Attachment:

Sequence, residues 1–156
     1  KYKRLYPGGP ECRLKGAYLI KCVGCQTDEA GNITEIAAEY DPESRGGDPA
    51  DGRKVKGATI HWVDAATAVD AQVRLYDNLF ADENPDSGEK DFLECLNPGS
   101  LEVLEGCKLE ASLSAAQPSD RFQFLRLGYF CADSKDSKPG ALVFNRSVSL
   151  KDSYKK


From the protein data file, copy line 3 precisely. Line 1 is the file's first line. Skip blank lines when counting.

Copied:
    51  DGRKVKGATI HWVDAATAVD AQVRLYDNLF ADENPDSGEK DFLECLNPGS